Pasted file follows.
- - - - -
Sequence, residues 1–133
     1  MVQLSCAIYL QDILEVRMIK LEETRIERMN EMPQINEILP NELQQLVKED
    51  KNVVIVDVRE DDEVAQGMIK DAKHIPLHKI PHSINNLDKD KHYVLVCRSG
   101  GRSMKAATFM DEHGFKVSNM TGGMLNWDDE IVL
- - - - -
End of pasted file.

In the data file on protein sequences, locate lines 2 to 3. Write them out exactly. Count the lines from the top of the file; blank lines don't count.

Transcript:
     1  MVQLSCAIYL QDILEVRMIK LEETRIERMN EMPQINEILP NELQQLVKED
    51  KNVVIVDVRE DDEVAQGMIK DAKHIPLHKI PHSINNLDKD KHYVLVCRSG